Bones and joints

Simplify your workout with lap swimming

Lap swimming is a very effective workout: aerobics, strengthening, and stretching in one activity. Make sure you’re reasonably healthy before diving in, but even if you’re not, or if you don’t know how to swim, aquatic exercises are beneficial, too.

Big problems for big toe joints

Shoes with a tight toe box or too-high heels can contribute to big toe joint problems like bunions and osteoarthritis. Surgery may be needed, or simple steps could help ease pain and keep you moving.

Is obesity a reason to avoid joint replacement surgery?

Robert H. Shmerling, MD

Faculty Editor, Harvard Health Publishing

Overweight people are often turned down for joint replacement surgery, or told to lose a lot of weight first. But a new study found that having obesity should not be a deterrent to having joint surgery.

Why the wheelchair? Could it be gout?

Robert H. Shmerling, MD

Faculty Editor, Harvard Health Publishing

Though only a small percentage of the population has gout, that number is on the rise. While dietary choices have long been believed to be a major cause of gout, a new study found that genetic factors matter much more.

How long does a joint replacement last?

Robert H. Shmerling, MD

Faculty Editor, Harvard Health Publishing

A person considering a knee or hip replacement needs to weigh how long the new joint will last as part of the decision-making process. Analyses of hundreds of thousands of hip and knee replacements show encouraging results for those facing this decision.

Does weather affect arthritis pain?

Robert H. Shmerling, MD

Faculty Editor, Harvard Health Publishing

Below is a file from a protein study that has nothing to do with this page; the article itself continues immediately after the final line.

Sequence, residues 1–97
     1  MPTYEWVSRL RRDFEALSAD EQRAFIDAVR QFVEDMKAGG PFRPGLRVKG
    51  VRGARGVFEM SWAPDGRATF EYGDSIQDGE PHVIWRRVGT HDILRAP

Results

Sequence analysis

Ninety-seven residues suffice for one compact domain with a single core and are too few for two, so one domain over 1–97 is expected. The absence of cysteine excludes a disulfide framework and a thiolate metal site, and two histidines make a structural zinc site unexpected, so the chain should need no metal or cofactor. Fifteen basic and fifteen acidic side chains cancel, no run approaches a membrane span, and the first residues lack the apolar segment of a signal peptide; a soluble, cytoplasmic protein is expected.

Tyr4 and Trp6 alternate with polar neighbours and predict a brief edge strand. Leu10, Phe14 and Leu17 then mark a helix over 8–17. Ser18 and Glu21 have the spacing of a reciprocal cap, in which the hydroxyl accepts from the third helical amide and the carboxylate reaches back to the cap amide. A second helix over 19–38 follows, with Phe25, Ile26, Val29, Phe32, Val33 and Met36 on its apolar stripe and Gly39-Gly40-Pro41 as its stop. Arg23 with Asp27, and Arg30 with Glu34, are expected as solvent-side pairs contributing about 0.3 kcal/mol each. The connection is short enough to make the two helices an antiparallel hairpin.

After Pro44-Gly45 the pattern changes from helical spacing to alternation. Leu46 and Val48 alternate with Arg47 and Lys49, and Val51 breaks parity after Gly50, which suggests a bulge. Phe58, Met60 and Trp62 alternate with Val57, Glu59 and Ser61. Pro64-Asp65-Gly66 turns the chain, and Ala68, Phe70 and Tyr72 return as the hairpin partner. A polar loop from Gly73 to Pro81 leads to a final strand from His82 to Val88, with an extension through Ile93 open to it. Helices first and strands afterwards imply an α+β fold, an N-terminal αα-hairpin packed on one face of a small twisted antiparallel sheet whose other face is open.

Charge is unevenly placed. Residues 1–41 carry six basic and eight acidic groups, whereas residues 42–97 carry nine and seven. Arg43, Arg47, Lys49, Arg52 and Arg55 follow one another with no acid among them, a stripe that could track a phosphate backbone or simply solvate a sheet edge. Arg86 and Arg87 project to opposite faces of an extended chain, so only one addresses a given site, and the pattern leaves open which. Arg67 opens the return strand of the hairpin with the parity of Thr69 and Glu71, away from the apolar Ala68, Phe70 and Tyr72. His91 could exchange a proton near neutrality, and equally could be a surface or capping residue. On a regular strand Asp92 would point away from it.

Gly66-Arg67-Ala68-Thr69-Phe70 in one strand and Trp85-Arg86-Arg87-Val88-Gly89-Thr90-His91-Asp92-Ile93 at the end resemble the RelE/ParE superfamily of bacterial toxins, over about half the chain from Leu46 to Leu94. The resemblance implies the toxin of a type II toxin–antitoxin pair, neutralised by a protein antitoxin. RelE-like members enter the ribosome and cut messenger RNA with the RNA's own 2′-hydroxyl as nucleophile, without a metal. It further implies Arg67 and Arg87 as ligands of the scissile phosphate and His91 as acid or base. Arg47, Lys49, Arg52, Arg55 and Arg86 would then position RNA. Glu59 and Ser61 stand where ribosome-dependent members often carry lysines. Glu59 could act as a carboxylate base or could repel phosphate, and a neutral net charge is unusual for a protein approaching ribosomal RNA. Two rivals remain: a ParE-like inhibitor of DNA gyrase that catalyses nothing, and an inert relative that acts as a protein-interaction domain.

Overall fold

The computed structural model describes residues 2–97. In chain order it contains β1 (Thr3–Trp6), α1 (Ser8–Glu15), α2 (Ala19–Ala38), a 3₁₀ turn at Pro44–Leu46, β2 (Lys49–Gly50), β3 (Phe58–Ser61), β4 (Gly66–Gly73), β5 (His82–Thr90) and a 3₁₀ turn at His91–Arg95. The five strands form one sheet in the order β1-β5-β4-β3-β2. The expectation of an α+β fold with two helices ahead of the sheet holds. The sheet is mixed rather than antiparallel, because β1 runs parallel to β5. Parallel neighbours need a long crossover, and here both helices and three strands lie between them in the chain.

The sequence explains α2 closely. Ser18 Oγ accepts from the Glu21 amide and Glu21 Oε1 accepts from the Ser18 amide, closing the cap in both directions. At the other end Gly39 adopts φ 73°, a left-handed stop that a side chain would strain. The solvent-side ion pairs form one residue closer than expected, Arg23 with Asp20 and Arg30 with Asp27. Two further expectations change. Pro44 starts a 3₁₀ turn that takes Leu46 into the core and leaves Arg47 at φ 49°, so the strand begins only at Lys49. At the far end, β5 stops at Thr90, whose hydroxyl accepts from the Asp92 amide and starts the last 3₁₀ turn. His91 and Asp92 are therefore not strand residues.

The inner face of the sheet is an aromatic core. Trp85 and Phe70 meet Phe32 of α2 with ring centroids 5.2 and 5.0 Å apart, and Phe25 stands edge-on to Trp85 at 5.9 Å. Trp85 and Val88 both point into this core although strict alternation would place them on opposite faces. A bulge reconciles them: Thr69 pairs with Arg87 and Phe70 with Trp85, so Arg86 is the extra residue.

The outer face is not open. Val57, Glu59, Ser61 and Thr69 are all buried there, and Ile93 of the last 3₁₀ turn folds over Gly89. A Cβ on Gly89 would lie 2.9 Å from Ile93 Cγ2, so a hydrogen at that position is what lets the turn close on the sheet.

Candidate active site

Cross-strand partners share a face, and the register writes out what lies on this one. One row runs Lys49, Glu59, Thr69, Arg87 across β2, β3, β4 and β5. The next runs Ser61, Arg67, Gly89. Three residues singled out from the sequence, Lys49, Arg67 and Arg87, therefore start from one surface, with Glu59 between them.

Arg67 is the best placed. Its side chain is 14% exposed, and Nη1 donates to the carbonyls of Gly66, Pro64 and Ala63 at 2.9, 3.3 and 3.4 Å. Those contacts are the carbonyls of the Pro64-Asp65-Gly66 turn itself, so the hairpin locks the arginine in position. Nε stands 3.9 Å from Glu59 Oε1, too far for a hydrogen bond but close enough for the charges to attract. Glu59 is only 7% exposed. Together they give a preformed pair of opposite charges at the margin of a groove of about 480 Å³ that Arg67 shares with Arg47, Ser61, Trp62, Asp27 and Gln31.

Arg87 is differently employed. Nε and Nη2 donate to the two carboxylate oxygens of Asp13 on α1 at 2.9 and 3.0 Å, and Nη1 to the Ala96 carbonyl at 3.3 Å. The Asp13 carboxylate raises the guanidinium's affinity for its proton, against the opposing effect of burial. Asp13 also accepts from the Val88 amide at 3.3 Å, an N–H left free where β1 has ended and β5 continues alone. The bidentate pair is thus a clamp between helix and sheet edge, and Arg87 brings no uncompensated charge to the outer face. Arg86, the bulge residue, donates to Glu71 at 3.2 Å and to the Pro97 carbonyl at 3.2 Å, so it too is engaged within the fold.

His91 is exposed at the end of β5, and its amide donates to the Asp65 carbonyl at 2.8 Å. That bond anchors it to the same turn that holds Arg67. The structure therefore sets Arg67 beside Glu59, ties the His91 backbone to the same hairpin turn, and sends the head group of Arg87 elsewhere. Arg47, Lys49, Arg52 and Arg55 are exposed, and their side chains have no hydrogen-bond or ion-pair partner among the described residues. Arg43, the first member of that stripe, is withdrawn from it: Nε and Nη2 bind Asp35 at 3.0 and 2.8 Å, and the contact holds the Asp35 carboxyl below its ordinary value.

The question of whether there is a link between weather and aches and pains has been studied extensively, and so far researchers have been unable to establish a connection. So why do plenty of people insist that they can “feel” the weather?

Surgeons are doing fewer knee surgeries

Robert H. Shmerling, MD

Faculty Editor, Harvard Health Publishing

Arthroscopic surgery is very effective for certain knee conditions but less so for others. That didn’t stop orthopedists from recommending them, but based on data from Florida this may be changing.

Navigating back pain treatments: Can a physiatrist help?

Almost everyone experiences back pain at some point, but if the pain does not subside within a few weeks of standard treatment, or if chronic pain is an ongoing issue, a physiatrist may be able to provide relief or advise what next steps to take.

How long will my hip or knee replacement last?

Robert H. Shmerling, MD

Faculty Editor, Harvard Health Publishing

Anyone who needs a knee or hip replacement wants to know if it will be permanent, or if the replacement will need to be replaced at some point. While this is impossible to predict, and many factors affect longevity of replacement joints, data from past surgeries can help give some idea of what a person can expect.

Knuckle cracking: Annoying and harmful, or just annoying?

Robert H. Shmerling, MD

Faculty Editor, Harvard Health Publishing

Some people do it regularly, while others can’t stand the idea or sound of it, but either way, there is no evidence that knuckle cracking is harmful to your joints, or increases your chances of arthritis.